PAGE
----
Building Open APIs for Digital Finance? Think Sprints, Not Marathon

As more digital financial services (DFS) providers start experimenting with open APIs to grow their businesses, many are finding that traditional approaches to software development are simply too cumbersome for the fast-evolving world of digital finance. CGAP has been monitoring open APIs in DFS for a few years now. We see that a growing number of providers are turning to “Agile,” a nimbler approach to software development that can be likened to running a series of sprints, as opposed to a marathon. The Agile approach offers many advantages, and enough DFS providers have adopted it to date that we see some practical lessons emerging on how other providers can successfully integrate Agile into their open API business.

Why DFS providers should consider the Agile approach for open APIs

Photo: Dominic Chavez / IFC
Photo: Dominic Chavez / IFC

The traditional software development process was developed by large enterprises with big projects. Typically, an entire set of requirements is given in the initial phase and cannot be modified after product development has started. The product development is completed in full and followed by a pilot phase to test the product with the customer. The time and investment required to go from start to finish can be considerable, so management often focuses on setting and hitting project milestones along the way.

While this approach may work in some contexts, its slow pace and limited engagement with customers in the development cycle to test value propositions can hinder DFS providers that are trying to meet the fast-evolving open API demands in their markets. The digital services companies that consume open APIs for payments are often in the process of defining and redefining their own products and payment service requirements. This can be especially true when they are targeting end-customers at the bottom of the pyramid. Often, these end-customers are not frequent users of DFS, and they may live in remote locations and be unserved through traditional infrastructure. Only through a great deal of research and a test-and-learn approach can digital service companies target these end-customers and understand what they want. And as they define their product market fit, these companies’ requirements for open API payments services evolve. DFS providers who offer open APIs must be flexible enough to evolve along with demand.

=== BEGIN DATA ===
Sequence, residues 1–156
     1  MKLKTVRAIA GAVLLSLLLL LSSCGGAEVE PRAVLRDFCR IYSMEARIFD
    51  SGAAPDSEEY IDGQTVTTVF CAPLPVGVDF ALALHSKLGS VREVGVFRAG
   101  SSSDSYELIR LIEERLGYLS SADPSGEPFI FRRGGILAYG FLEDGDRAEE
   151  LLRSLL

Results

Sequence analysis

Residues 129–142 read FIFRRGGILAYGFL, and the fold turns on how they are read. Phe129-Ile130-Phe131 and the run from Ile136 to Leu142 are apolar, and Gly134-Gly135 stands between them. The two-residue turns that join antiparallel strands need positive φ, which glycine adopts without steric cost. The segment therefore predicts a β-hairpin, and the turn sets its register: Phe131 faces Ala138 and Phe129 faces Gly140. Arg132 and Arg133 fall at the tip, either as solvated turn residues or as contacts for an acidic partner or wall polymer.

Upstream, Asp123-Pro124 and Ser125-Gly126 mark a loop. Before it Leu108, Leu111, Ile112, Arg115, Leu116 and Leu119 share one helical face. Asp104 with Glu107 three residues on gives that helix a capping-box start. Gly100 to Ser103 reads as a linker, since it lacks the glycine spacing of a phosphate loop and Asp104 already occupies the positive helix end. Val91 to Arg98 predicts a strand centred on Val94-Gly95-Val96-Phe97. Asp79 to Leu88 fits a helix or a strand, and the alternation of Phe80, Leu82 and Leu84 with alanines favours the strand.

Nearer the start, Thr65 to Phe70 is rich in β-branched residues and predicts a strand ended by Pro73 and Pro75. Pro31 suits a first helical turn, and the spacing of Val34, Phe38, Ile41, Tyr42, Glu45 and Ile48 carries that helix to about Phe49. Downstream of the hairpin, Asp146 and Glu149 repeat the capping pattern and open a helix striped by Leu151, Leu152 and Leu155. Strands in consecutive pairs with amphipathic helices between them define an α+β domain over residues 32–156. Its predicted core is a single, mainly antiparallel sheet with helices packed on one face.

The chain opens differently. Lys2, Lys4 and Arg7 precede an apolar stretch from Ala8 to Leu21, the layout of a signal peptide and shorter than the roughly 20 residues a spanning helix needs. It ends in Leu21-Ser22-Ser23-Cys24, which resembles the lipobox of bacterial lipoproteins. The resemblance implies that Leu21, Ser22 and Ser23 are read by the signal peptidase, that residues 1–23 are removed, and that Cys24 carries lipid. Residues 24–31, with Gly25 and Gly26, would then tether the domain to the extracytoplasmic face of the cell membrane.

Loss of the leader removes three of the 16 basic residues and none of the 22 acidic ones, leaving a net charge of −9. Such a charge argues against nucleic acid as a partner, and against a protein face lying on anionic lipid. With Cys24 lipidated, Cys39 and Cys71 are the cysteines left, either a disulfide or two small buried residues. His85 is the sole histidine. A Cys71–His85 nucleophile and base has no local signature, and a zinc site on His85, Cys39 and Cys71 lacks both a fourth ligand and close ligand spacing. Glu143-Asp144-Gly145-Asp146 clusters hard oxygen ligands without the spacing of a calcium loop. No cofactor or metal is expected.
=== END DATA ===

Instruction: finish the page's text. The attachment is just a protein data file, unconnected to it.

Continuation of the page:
The Agile approach is meant for a changing environment and when the scope of a software project is not — or cannot — be known in advance. It differs markedly from traditional software development in that customers are involved throughout the development cycle, not just at key milestones. Due to its flexible nature, Agile works with a time-and-materials funding mechanism, whereas traditional methods are tied to fixed contracts. The hallmark of the Agile approach is that features are built in short sprints in the order of the value they are expected to bring to the offering, starting with the highest-value features. This means that even if money runs out, there is a good chance that something useful has been built. This is in stark contrast to the all-or-nothing approach of traditional software development. Another distinguishing feature is that teams are kept small and dedicated to discrete deliverables, and there is an emphasis on synchronizing teams.

How DFS providers can adopt the Agile approach

While there are many advantages of the Agile approach for open API product development, CGAP’s work with several DFS providers shows that providers can expect some growing pains. Here are some insights that may help your DFS company smooth the transition to an Agile approach.